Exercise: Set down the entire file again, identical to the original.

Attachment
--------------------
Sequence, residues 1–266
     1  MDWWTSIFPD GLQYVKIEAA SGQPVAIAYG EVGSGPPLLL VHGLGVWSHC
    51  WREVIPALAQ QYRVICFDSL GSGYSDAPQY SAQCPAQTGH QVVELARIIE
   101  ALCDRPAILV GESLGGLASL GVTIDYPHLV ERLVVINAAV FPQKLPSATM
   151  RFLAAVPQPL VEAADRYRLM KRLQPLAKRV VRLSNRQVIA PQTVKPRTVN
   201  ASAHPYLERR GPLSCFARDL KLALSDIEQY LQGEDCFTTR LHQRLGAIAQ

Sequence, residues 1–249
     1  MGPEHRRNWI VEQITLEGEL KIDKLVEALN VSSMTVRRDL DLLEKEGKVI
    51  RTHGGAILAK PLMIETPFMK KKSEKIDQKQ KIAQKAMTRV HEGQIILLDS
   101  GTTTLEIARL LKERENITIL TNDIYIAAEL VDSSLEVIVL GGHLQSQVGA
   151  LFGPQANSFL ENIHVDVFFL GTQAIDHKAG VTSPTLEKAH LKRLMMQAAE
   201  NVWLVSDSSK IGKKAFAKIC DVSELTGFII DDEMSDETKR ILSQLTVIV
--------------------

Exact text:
Sequence, residues 1–266
     1  MDWWTSIFPD GLQYVKIEAA SGQPVAIAYG EVGSGPPLLL VHGLGVWSHC
    51  WREVIPALAQ QYRVICFDSL GSGYSDAPQY SAQCPAQTGH QVVELARIIE
   101  ALCDRPAILV GESLGGLASL GVTIDYPHLV ERLVVINAAV FPQKLPSATM
   151  RFLAAVPQPL VEAADRYRLM KRLQPLAKRV VRLSNRQVIA PQTVKPRTVN
   201  ASAHPYLERR GPLSCFARDL KLALSDIEQY LQGEDCFTTR LHQRLGAIAQ

Sequence, residues 1–249
     1  MGPEHRRNWI VEQITLEGEL KIDKLVEALN VSSMTVRRDL DLLEKEGKVI
    51  RTHGGAILAK PLMIETPFMK KKSEKIDQKQ KIAQKAMTRV HEGQIILLDS
   101  GTTTLEIARL LKERENITIL TNDIYIAAEL VDSSLEVIVL GGHLQSQVGA
   151  LFGPQANSFL ENIHVDVFFL GTQAIDHKAG VTSPTLEKAH LKRLMMQAAE
   201  NVWLVSDSSK IGKKAFAKIC DVSELTGFII DDEMSDETKR ILSQLTVIV